This was the predicament that “Bullet” Bob Hayes found himself in, according to Bob Schul, in his book, “In the Long Run”.

Just in front of me was Bob Hayes, who seemed to be searching for something. “Bob, what are you doing?” I questioned. “Aren’t you supposed to run the next race?”

“Bob, I can’t find my shoes!” he said in a very worried tone.

“Can’t find your shoes! Where did you leave them?”

“Here, right here!” he answered frantically. “Every day I leave them under this bench while I warm up.” Then he stopped and turned to me. “I know where they are! They’re under my bed at the village! I forgot to bring them!” He looked at my spikes and I knew what he was thinking.

“I wear size 10 and a half, Bob,” I said.

“Too big! What am I going to do?” Just then Tom Farrell entered the area. Tom was in the in_the_long_run800 final, which followed the 100 meters. It was apparent what Bob was thinking, and he ran over to Tom and asked what size spikes he word. I couldn’t hear what they were saying, but within seconds Bob had Tom’s shoes and was running for the check-in room.

As I waited for the bus outside the stadium I heard the final results of the 100 meters. Bob Hayes had set an Olympic record in winning the gold medal. “Way to go, Bob,” I said out loud.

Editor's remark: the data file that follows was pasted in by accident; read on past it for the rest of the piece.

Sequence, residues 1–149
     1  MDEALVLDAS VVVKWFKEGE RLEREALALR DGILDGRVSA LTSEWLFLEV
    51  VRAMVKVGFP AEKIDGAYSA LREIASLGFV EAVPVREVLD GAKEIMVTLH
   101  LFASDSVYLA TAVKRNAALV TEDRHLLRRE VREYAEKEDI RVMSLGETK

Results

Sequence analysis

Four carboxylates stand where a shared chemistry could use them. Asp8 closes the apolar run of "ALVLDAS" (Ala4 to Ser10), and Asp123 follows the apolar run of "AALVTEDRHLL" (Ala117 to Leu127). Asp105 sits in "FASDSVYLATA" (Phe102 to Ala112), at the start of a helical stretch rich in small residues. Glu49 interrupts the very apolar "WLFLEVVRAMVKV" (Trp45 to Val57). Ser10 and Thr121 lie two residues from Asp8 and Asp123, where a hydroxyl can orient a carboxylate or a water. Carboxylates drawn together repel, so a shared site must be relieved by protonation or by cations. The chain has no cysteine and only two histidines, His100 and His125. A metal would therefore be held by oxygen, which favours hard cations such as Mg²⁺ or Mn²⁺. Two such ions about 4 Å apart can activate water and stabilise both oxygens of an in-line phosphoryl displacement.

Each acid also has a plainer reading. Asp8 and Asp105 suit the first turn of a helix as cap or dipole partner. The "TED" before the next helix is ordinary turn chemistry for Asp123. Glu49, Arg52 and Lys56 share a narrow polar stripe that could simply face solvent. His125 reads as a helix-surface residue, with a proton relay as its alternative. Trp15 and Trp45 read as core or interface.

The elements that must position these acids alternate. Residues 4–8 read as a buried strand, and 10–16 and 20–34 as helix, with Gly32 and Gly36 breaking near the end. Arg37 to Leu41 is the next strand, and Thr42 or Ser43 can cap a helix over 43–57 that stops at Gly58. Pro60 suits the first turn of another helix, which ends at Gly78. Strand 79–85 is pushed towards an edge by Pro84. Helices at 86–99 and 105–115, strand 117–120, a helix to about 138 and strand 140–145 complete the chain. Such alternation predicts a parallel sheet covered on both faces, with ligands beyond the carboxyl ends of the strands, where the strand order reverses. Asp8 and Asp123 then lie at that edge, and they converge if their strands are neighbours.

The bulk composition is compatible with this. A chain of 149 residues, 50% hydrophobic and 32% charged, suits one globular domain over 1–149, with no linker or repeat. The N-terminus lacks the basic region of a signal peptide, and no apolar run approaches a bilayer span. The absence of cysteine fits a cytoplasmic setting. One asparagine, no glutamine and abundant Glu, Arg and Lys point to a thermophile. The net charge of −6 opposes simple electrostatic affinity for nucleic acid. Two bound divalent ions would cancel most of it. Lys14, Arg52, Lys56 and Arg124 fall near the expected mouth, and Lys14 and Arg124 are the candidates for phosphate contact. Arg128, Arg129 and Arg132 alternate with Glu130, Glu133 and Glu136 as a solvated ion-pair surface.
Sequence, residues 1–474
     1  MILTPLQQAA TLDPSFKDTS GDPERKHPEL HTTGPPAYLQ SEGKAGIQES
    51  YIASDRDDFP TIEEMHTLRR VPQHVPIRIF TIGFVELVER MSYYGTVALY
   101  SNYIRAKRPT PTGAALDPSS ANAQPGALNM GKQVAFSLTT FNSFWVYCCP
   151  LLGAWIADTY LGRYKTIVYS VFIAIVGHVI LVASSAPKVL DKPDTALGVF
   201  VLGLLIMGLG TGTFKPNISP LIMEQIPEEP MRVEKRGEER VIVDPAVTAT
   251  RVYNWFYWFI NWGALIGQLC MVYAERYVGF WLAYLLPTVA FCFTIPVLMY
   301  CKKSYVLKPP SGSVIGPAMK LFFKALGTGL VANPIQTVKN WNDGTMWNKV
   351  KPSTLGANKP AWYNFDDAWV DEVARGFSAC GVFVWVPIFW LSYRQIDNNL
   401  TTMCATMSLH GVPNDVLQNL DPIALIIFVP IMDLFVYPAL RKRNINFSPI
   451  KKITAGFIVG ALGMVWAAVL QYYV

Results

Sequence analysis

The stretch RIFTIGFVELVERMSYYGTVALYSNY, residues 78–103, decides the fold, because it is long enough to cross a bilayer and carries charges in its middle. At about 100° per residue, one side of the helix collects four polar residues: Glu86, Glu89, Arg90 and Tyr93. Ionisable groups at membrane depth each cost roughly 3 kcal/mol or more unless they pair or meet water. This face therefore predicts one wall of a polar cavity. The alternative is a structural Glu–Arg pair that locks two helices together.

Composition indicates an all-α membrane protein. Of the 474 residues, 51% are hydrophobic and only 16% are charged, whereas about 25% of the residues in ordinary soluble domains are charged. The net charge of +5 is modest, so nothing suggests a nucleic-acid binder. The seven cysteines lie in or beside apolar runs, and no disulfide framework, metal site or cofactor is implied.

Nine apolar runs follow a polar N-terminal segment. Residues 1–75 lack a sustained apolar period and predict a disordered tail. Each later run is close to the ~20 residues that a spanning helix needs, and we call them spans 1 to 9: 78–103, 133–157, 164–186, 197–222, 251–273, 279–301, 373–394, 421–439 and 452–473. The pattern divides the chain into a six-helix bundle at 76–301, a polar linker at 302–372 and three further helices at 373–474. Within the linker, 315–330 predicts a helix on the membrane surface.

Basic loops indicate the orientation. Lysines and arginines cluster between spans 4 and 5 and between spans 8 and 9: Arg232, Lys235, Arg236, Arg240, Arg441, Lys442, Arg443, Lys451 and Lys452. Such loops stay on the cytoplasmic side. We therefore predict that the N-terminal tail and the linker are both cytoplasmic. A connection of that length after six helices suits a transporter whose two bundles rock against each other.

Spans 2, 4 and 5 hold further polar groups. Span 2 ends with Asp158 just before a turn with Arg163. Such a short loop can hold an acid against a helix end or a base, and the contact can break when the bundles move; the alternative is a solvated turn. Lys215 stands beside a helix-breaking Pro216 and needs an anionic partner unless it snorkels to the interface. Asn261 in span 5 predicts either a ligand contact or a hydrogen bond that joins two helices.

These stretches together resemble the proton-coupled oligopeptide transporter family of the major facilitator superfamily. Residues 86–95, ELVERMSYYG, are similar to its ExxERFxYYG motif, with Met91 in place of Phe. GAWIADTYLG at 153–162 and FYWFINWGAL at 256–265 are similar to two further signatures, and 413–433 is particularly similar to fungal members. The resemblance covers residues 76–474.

Bob Hayes set a world record running the 100 meters in 10 seconds flat.

Bob Schul had already won gold in the 5,000 meters, the only American Olympic champion in that event.

Tom Farrell would find glory four years later in 1968, wining bronze in the 800 meter race. He graduated from Archbishop Molloy High School, which is a 5-minute walk from where I grew up in Queens. I spent many a summer day playing stickball in that high school parking lot.

adidas-vs-puma

Way before there was a Nike, there was Adidas and Puma. The basketball shoe wars of today are echoes of the battles that took place between two rival German shoe manufacturers. And in these battles emerged a hugely lucrative sports marketing business that benefited both maker and athlete. At the Melbourne Summer Games in 1956, the son of Adidas owner, Horst Dassler, convinced officials to prevent the shipment of Puma shoes from passing through Customs. At the same time, the Adidas shipment came through allowing him to give away shoes to eager Olympians. When American sprinter Bobby Morrow won three gold medals in Melbourne, he was wearing a free pair of Adidas running shoes. When Americans saw Morrow and his triple-striped shoes on the cover of Life Magazine, Adidas sales jumped. Bobby Morrow_Life 12-10-56 The German champion sprinter of the 1960 Games in Rome also got free shoes, and a whole lot more. Armin Hary was the first runner other than an American since 1928 to win the 100 meter race and lay claim to the fastest man on the planet. And when he crossed the finish line, it was in Puma spikes. Yet, when he stood on the winners platform to receive his gold medal, he was wearing the stripes of Adidas. (Go to this site to see the pictures.) Hary was clearly playing Adidas and Puma against each other, not only receiving shoes, but also payments.

In 1964, the human bullet, Bob Hayes was in the middle of a bidding war between